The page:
After my previous two paragraphs, the Lot In The Middle - the Liberal Democrats - should be my natural home. And it's true, they tick a lot of my personal boxes. Iraq and ID cards, on those two alone they so nearly had me a year or so ago. Unfortunately for them though if they want my vote, I live in a Lib Dem held constituency. And I'm afraid my Lib Dem MP is not someone I like. Sure, he's got a knack of appearing in the right place at the right time for a photo opportunity, but having engaged with both MPs my experience of the Tory weigh-the-vote safe seat MP in the area I grew up in is more positive. Even then, that's not the clinching argument for my not voting Lib Dem. I won't be voting for my MP because unusually for an MP representing a city he's a rabid supporter of fox hunting. For him it's a libertarian issue. For me it's an issue born of growing up watching rich idiots come out from London to spend a day as hooligans riding all over other people's property breaking fences, scaring livestock, threatening people and causing mayhem. If you're born on one kind of estate, you get an ASBO, if you're born on another kind of estate, you go fox hunting. And for some reason my Lib Dem MP thinks it's a wonderful thing. Well screw him, he ain't getting my vote!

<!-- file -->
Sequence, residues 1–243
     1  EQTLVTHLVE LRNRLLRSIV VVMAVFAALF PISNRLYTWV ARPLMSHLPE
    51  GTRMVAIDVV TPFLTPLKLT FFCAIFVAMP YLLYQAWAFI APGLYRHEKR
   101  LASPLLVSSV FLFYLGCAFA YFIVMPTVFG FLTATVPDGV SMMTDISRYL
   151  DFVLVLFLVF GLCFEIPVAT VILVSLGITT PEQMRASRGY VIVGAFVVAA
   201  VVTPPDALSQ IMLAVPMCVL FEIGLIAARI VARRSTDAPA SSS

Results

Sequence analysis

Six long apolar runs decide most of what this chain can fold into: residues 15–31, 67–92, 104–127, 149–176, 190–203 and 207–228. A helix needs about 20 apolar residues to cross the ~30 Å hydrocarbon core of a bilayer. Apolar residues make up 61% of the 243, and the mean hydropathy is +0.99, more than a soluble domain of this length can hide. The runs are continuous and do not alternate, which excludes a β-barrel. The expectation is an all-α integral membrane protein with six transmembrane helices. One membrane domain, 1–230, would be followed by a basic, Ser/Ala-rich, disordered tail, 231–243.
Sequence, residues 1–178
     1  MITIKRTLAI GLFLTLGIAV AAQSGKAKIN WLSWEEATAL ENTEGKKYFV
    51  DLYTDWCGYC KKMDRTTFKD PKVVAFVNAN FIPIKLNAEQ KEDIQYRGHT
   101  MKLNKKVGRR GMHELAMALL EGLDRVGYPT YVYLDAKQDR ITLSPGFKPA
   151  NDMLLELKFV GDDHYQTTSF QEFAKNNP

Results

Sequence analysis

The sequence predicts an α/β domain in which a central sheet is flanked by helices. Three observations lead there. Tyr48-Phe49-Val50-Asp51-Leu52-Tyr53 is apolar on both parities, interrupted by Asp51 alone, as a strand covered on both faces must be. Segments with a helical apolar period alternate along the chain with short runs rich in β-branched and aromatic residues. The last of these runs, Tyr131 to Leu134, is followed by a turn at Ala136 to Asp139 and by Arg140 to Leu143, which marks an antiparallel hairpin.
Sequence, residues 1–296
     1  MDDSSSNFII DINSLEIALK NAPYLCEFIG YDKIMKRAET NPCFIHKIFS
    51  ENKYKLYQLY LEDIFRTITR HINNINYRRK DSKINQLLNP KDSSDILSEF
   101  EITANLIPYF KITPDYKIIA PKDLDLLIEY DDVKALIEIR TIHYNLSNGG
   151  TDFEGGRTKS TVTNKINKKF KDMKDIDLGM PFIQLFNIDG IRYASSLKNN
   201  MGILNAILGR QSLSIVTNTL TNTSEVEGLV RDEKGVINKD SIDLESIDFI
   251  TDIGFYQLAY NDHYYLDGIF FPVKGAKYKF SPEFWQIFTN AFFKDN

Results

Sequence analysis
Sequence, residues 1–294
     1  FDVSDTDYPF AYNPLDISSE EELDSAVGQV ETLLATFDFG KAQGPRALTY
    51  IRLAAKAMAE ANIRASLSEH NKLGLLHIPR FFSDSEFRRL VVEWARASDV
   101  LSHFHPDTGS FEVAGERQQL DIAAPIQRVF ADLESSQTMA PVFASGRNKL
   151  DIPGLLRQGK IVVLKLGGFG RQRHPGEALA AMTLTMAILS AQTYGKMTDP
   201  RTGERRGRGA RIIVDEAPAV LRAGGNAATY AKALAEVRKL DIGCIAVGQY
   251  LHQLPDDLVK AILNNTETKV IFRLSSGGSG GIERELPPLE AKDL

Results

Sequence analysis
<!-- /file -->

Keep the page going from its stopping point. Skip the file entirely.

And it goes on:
There are other parties on the ballot. UKIP might tempt me as a mild Eurosceptic, but they seem unable to control their more nutty right-wing tendencies. The Greens would woo me with the environment but are just too damn red on the inside. Besides, I've seen how Green councillors can comprehensively ruin a city. Beyond those two I'm in danger of descending into the nutters. Fortunately my constituency isn't high profile so the ballot seems mercifully free of them. Where are the Monster Raving Loony party when you need 'em?
I've just talked myself out of voting for anyone, haven't I. Which leaves me two choices: spoil my ballot or abstain, don't vote at all. Both of these feel like failure. I guess there's a third choice, tactical voting, but then of the choice above I'd have to hold my nose on ID cards and vote Labour. And having assured one of their candidates face-to-face that I'd be one of the people they'd eventually have to cart off to jail for not getting an ID card, I just can't bring myself to do that.
I guess it doesn't matter. Our first past the post electoral system means that because I don't live in one of a few key marginal constituencies, my vote is meaningless anyway. I think I'll spend next Thursday evening in the pub next door to the polling station instead.